Dear Rabbi Twerski,
My wife found out I was viewing inappropriate pictures,and she was very offended, and rightfully so. It almost ruined our marriage! However, since she found out and I admitted everything to her, literally everything, she suggested I should get help. She thinks I have an addiction. She could be right, I am not sure. I think I’m a normal guy and have the same challenges as other guys. I don’t know how to classify an addiction. Do I need professional help with counseling and group therapy? Or am I just a normal guy with a big yetzer hara?
Rabbi Twerski Responds
There are probably a number of ways to define addiction. If you have a desire to do something, and know you shouldn’t be doing it but go on to do it anyway, that indicates a loss of control. When this is repetitive, it justifies being considered an addiction.
OCD people may feel compelled to do things, but these are generally not things that are wrong. For example, repeated hand-washing, repeating words in davening, and so on. OCD often responds well to medication, addiction does not.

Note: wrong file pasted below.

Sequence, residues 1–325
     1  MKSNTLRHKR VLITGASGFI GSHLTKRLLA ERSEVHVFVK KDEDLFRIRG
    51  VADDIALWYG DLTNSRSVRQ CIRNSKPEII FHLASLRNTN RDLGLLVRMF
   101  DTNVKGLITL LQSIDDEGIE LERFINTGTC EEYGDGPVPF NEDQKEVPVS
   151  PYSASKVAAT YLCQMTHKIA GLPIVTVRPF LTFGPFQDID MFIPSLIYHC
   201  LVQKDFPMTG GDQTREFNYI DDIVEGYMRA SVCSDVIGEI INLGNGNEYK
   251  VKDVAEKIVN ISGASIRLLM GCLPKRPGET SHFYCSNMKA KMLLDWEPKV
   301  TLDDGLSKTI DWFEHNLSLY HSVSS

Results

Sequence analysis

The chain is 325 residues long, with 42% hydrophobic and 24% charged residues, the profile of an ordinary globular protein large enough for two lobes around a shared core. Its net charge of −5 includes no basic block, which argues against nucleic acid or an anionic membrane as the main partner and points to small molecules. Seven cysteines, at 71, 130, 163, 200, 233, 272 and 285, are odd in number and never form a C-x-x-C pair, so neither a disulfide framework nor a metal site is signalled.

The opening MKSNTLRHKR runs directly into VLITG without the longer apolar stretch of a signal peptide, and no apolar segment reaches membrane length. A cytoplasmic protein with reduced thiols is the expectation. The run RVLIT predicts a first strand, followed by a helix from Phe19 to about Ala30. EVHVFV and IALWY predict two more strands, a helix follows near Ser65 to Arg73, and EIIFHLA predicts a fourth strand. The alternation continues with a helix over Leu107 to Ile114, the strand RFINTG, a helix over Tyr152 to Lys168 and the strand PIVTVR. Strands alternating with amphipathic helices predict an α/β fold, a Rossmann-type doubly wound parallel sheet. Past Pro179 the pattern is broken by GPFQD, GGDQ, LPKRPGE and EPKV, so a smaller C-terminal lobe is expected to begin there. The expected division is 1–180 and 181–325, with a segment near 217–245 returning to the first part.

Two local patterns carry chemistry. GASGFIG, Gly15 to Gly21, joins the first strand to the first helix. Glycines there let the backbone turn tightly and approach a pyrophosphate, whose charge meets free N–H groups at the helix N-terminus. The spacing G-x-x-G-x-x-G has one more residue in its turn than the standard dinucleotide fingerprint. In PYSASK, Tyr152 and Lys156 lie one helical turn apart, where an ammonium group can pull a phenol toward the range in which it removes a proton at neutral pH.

You should accept that you do not have control over your com- pulsive acting out and therefore avail yourself of sources of help.
In a talk, Rabbi Twerski answers a similar question.
First of all, what is the definition of addiction? I don’t think we have a good definition of an addict. I think if a person knows that what he’s doing is wrong, harmful, destructive, whatever, and he tries to stop doing it, and he makes a sincere effort to stop doing it, and finds that he cannot do it, I think he can call himself an addict.
[A person can call himself an addict] if he comes to the reali- zation, “Here’s something that I know I shouldn’t be doing, and I know it’s destructive. I’m trying to stop it, I’ve tried to stop eleven times, or a hundred times, but I haven’t been able to. I need someone’s help so I’ll be able to stop.”